away from starvation
WARNING: No pretty pictures - just reading but please make the time
For the last two years I have been saying this as part of my regular classes at The Old Smithy, here in Rutland, and whenever I can shoe-horn it into 'away-days' - talks and demonstrations.
With the *German Government advising its population to stock up on food, water and cash just seven days ago, and now the **Czech Government is doing the same it may be too late to publish this blog but better late than never I suppose.
We are isolating ourselves from our European allies just at the point when we may need them the most - it depends on where the threat is coming from. I do not intend to get all political here but I have been repeating and repeating - usually to be met with incredulous dismay at best, and concern over my mental health at worse - that we are nine meals away from starvation in our island idyll. "How so?" you cry?
Well, I hope you are sitting comfortably now, because you probably won't be quite so comfortable by the time I have explained. Since before the last war, we have been at levels of between 50-90% imported food into this country. So, straight away, if we have to close our borders for any reason, our food will reduce quite quickly by that amount. We don't seem to have learned very much from the lessons of the last war it seems. We came very close to a border closure during the ebola crisis and the thing is, I realise we have 24/7 shopping but those shelves would very soon empty during any type of alarm. We would panic buy, we would not care that we should leave enough to go round, we would smugly stockpile and those that could afford to would have the most. It is human nature.
If the shelves could not be re-stocked because the huge hubs in the Midlands were also empty - and now there are no imports to re-stock them, what would we have to fall back on? Nine meals away from starvation?
What do you have in your freezer? Some oven chips, a pizza, fish fingers, beefburgers, ice-cream - maybe a cake, a few ready meals? What else? Perhaps some mince. a chicken? Store cupboard? Baked beans, tinned tomatoes, sweetcorn maybe - anything else? Tinned soup, packet sauces, biscuits, crisps, boil in the bag rice, pasta? Ketchup, beer, fizzy drinks, tea, coffee, sugar, gluten free options, fat free options, vegetarian options . . . is there anything there that could sustain you over a period of time longer than two weeks?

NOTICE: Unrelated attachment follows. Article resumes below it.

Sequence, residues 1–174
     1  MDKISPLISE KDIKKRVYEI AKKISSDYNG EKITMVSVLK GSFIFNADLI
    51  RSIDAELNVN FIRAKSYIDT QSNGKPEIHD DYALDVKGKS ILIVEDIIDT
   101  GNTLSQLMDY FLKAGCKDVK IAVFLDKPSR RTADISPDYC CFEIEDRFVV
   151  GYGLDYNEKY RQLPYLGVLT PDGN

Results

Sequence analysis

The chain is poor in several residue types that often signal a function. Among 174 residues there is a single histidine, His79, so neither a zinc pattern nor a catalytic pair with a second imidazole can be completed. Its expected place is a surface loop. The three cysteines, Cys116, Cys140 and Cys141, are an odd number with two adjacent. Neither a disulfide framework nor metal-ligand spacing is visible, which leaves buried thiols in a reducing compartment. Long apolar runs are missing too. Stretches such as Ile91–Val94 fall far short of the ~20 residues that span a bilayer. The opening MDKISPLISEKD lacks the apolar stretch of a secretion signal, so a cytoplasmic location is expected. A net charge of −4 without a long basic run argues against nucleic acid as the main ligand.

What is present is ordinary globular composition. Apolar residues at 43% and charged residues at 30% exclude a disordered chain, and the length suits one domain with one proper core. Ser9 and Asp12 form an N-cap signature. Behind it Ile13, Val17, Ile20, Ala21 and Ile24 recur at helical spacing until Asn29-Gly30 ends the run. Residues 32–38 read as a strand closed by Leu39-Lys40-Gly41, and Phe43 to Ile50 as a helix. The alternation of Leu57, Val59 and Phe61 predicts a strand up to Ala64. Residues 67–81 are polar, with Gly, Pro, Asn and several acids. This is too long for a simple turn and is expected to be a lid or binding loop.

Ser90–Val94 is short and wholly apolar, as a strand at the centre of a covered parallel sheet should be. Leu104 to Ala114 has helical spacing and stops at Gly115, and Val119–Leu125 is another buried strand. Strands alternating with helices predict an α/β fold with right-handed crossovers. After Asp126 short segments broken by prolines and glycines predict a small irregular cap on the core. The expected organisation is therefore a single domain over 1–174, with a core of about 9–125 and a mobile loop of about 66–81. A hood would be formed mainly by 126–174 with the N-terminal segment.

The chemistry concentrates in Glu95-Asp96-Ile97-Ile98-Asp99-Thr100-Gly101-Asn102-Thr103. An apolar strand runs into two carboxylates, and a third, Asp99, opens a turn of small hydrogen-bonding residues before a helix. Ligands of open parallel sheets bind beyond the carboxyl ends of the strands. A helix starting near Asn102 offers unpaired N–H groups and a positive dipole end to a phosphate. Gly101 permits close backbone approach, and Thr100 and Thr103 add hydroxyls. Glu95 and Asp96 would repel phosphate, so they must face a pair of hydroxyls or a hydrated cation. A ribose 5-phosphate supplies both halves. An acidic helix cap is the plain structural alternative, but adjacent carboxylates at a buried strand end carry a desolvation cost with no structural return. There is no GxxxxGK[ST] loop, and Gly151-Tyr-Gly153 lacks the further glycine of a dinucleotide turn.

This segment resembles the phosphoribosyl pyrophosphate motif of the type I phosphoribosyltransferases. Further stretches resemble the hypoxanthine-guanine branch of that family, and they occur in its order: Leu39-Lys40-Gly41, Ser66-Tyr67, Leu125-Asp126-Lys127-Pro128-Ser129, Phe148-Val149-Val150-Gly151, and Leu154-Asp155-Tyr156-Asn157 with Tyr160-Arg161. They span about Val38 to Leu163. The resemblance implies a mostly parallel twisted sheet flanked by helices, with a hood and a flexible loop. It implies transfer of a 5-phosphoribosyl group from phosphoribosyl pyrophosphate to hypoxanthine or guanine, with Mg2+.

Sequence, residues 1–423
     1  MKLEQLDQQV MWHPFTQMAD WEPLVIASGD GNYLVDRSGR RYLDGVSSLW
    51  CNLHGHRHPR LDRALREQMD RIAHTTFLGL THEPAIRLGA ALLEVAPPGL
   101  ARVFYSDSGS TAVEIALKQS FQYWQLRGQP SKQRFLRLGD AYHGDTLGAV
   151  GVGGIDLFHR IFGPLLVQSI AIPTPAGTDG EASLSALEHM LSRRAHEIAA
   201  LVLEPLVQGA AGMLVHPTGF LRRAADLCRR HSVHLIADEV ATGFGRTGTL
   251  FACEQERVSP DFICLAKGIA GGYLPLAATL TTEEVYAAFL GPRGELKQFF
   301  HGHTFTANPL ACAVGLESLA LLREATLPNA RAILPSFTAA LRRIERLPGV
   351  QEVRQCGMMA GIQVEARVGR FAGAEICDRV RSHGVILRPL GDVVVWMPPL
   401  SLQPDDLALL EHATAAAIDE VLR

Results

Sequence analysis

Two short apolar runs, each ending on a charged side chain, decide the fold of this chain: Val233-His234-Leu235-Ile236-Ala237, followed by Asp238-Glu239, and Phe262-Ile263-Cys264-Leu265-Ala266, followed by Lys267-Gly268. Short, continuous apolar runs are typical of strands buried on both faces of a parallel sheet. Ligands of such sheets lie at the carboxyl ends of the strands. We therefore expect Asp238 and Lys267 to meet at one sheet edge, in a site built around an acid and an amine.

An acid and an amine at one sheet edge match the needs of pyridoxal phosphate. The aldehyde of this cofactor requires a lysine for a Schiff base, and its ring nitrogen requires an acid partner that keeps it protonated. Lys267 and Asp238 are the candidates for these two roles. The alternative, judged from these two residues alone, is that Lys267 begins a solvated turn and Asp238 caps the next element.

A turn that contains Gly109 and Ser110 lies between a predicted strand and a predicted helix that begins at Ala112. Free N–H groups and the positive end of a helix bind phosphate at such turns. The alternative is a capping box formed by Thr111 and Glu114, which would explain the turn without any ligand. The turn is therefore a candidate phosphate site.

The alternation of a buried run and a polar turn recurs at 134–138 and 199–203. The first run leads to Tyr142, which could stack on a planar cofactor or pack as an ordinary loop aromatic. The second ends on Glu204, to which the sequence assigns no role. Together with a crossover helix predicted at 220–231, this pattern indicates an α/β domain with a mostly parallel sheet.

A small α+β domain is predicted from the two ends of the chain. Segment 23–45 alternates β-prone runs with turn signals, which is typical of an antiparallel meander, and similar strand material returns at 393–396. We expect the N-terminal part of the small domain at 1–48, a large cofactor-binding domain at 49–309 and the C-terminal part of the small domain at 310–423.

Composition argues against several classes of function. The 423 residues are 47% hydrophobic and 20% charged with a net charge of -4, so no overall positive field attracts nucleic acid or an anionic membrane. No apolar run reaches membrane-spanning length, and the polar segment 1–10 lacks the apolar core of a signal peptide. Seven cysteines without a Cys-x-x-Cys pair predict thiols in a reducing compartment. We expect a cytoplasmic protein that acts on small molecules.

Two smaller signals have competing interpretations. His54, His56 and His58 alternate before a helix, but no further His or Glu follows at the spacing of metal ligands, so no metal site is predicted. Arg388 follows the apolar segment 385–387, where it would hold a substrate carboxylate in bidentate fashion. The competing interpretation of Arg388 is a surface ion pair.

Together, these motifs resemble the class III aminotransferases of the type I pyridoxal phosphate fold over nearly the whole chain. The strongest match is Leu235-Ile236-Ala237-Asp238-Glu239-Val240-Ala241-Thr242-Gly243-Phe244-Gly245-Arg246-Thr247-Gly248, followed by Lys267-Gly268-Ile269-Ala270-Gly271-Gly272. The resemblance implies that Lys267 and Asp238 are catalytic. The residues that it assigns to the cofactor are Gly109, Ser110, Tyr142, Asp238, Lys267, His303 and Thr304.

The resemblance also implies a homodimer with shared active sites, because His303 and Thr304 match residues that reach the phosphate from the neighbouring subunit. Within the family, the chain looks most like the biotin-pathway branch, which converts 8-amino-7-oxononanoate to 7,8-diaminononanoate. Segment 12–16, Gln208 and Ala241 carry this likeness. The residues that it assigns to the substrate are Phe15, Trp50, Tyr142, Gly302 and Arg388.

I know I am generalising but this really needs to be thought about - not just for an emergency but for our every day well being. What are we feeding ourselves on? What do we know about our food, what is in it.
When I have classes here people are genuinely astonished at the variety of preserves that are easy to make and keep food almost indefinitely at ambient temperature, no chilling or freezing. If you understand the principles of preserving your own food, food that you buy at markets or supermarkets, or food that you forage - be it urban or rural, then you stand a very much better chance of having control over the food that you choose to put into your and your family's bodies. To nourish them, to support their health, to save you money. It is very easy to do. It does not require special weird ingredients that you have to send away for, it does not rely on special equipment. We can all do it at whatever age - it is never too late to learn.
Just as we are going to be alone in Europe - we stand alone as the only European country who has abandoned any form of food preservation in the home - which is utter madness for an island race. Whatever their own speciality or local delicacy, every other country ensures that knowledge is not lost but is passed on from one generation to the next. We have pushed all of that aside as being old fashioned. We have freezers and 24/7 shopping - that is what smart, sophisticated social urbanites do, we don't waste precious time over food, we have smart restaurants to go to of every possible persuasion. We can take-out, take-in, heat up and open boxes. We watch a lot of food though, and read about it in books and magazines. We sometimes make it for Christmas - its traditional.Granted there are a few wierdos at the edges (me!) who fly the flag but we are mostly treated with benign resignation if not outright in-your-face laughter. Nice to take home a jar of jam or two but don't let her get started on the crap that we are sold as 'food'.
"But I know how to do these things Rosie" I hear you indignantly splutter. Good for you. Now show someone else. And quickly - better still show a group of people. Have jam making days, or chutney-fests, whatever. Just do something. We haven't time to hope that preserving your own food will become 'cool' or be given a 'bake-over'. That would be great but in the meantime the clock is ticking and I haven't even asked if you know how to clean yourself, your family, and your home without all of the toxic sprays and chemicals that we won't be able to buy, come the revolution.
Just give it some thought and make adjustments while you still can.
** channel CT24